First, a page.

Notable’s State of Automation Analysis 2022, Part 1
Notable's original research unveils healthcare worker concerns about healthcare burnout, staffing, and patient outcomes; and shows how automation can help.
Healthcare professional perspectives
Our new annual State of Automation Report was established to benchmark the attitudes of healthcare workers toward technology and automation. The survey was conducted by OnePoll on March 3-5 and had 1,005 respondents, who ranged from medical assistants and nurses all the way up to executives and administration, working at healthcare organizations with at least 50 employees.
- The complex lattice of repetitive, manual tasks is overburdening an already stretched workforce, harming patient care, and holding back the healthcare industry.
- Our findings in the first annual State of Automation Report confirm the urgency of eliminating these manual tasks to allow the industry to move forward.
- The majority (57%) of respondents are personally worried about burning out due to the high volume of repetitive tasks they must complete.
- 48% are worried about their organization’s ability to retain and hire staff if they do not prioritize automation.
- But respondents are not just worried for their own sake — 54% of respondents believe that the complexity of our healthcare workflows has a negative effect on patient care.
- Though many organizational promises about technology have previously fallen short, 81% of respondents feel hopeful that technology can help improve their experience as healthcare professionals.
A case for urgency
Notable’s original research adds to the long list of surveys, studies, and articles from the past few years showing upsettingly high burnout rates among healthcare workers. These rates are particularly worrisome when noting that these are the remaining cohort after half a million workers left the workforce last year.
The need for change is paramount. 48% of staff believe their organization is not doing enough for employee burnout. But respondents are not just worried for their own sake — the complexity of healthcare workflows is also harmful to patients. Staff wrote about negative patient outcomes, including death, due to being short-staffed relative to patient volumes while having to keep up with a huge administrative burden using outdated technology.
Reading staff’s first-hand accounts of the pressures placed on them and the obstacles to being able to effectively care for patients is alarming. And thus far, many of the promises made by organizations to use technology to improve their employees’ experience have ultimately failed and in fact, may have made things worse. A survey conducted over the course of 2020 to Q1 2022 by KLAS showed a strong association between dissatisfaction with the organization’s EHR and the likelihood of attrition.
The report states: “Among clinicians who strongly disagree their organization has implemented, trained on, and supported the EHR well, more than one-third say they are likely to leave their organization in the next two years — a larger proportion than any other clinician cohort.” Additionally, clinicians who were very dissatisfied with the EHR were almost three times more likely to leave their organization compared to clinicians who were very satisfied with the EHR.
Thankfully, there is hope. 81% of respondents believe that technology can help improve their experience as healthcare professionals. No matter their age, gender, or region, the majority of respondents across all demographics are optimistic that technology can be leveraged to help them.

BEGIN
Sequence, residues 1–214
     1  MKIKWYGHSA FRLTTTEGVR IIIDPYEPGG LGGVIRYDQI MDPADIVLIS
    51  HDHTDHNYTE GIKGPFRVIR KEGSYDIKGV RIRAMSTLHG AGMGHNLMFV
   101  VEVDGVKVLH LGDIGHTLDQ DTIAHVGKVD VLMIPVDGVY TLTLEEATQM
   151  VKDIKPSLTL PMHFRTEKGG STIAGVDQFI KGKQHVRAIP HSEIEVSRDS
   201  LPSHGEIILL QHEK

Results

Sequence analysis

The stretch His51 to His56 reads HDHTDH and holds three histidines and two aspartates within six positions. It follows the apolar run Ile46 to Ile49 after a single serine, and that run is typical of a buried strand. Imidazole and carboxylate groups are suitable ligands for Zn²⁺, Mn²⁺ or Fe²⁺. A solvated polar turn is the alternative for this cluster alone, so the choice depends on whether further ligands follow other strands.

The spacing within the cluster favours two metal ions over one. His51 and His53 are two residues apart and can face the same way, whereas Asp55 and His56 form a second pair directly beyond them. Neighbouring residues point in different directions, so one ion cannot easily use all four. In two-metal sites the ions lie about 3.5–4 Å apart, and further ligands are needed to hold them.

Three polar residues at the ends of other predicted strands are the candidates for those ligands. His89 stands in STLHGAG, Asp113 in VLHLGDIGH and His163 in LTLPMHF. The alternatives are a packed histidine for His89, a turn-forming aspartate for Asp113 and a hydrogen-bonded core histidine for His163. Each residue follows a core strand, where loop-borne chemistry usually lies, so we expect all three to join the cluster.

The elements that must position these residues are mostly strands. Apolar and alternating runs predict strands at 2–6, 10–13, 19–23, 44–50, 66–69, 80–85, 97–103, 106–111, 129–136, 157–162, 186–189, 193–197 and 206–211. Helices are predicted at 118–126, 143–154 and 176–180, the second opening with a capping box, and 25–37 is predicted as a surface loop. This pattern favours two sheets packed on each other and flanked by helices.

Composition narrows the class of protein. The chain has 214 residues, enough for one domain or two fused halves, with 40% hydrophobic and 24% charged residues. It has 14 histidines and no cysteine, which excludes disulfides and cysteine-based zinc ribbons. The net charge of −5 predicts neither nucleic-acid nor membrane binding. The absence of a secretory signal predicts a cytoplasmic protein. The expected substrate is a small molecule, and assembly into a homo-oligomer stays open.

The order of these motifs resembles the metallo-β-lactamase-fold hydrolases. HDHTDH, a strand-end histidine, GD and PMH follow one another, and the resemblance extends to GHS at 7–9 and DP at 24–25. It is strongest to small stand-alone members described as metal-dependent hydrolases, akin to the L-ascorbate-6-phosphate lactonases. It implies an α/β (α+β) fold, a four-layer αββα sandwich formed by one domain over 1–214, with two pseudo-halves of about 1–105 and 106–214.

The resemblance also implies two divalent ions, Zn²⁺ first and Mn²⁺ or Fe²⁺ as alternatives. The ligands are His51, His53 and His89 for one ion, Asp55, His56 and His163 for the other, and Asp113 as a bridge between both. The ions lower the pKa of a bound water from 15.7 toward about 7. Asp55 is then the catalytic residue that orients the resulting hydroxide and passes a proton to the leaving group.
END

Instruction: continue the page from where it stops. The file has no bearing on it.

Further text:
The following article further breaks down our survey results, describing staff pain points, as well as outlining steps to take to move forward.
Repetitive tasks are burning staff out
On average, respondents believe that 57.5% of staff time at their organization is spent on repetitive tasks such as data entry. When we ran a poll on LinkedIn to compare with the survey data, our LinkedIn respondents were in agreement: the largest group of them (47%) believed that somewhere between 50-74% of healthcare time is spent on repetitive tasks such as data entry.
Staff who are in direct patient care roles (a sample size of 540) believe that, on average, 32% of their own time is spent on tasks unrelated to patient care. That time is significant, particularly during the labor shortage when there are simply not enough staff for patient volumes.
In fact, mentions of being short-staffed or under-staffed occur at least 139 times in 510 written responses to a question about obstacles to meaningful work. One respondent wrote in, “I work in the ICU. During the pandemic, we have worked short-staffed and are still expected to spend the same amount of time on charting for each patient. This has resulted in sacrificing time with patients.”
The additional demands of charting, on top of high patient loads, are a source of stress for staff. 57% of respondents are worried they will personally burn out due to the number of repetitive tasks they have to complete, and 28% of respondents have already quit a healthcare job due to burnout. These concerns about burnout due to repetitive tasks are not limited to any one generation, region, or role.
The majority of Gen X, Millennials, and Gen Z are all concerned about burnout. Millennials, however, are more worried about burnout than the general population — a total of 63% of Millennials are personally worried they will burn out, and are more likely to have already quit a healthcare job due to burnout (34% of Millennials, as opposed to 28% of the total pool of respondents). This is worrisome, as Millennials make up over a third of the workforce. A study by Health Affairs confirmed that nurses under age 35 are more likely to quit. This could have a generational effect on the healthcare workforce, as nursing tends to be a lifelong vocation.
When broken down by role, 63% of clinical staff are worried they will burn out, as opposed to 55% of non-clinical staff. A study by Duke University states that rates of potential moral injury in healthcare workers over the past few years of the pandemic are comparable to those of combat veterans after 9/11, and measures rates of burnout at over 50% of healthcare workers.
Staff’s written responses illustrate this exhaustion and disillusionment. One staff member wrote, “I was distracted by how tired I was and I considered why I went into the field. So short-staffed with poor management and leadership.” Another wrote that being unable to focus on meaningful work is a daily problem for them, and then followed the statement simply, “Burn out,” as though they were too exhausted to further elaborate.
And once workers have hit this point, having burned themselves down at both ends, even simple tasks feel insurmountable. “The burnout really makes you lose focus and interest in the work no matter the complexity of the task,” one response reads. Staff are in critical need of relief. To disregard burnout — and its causes — would be to continue losing healthcare practitioners, with a detrimental impact on care delivery to be seen for years to come.
Patient care is suffering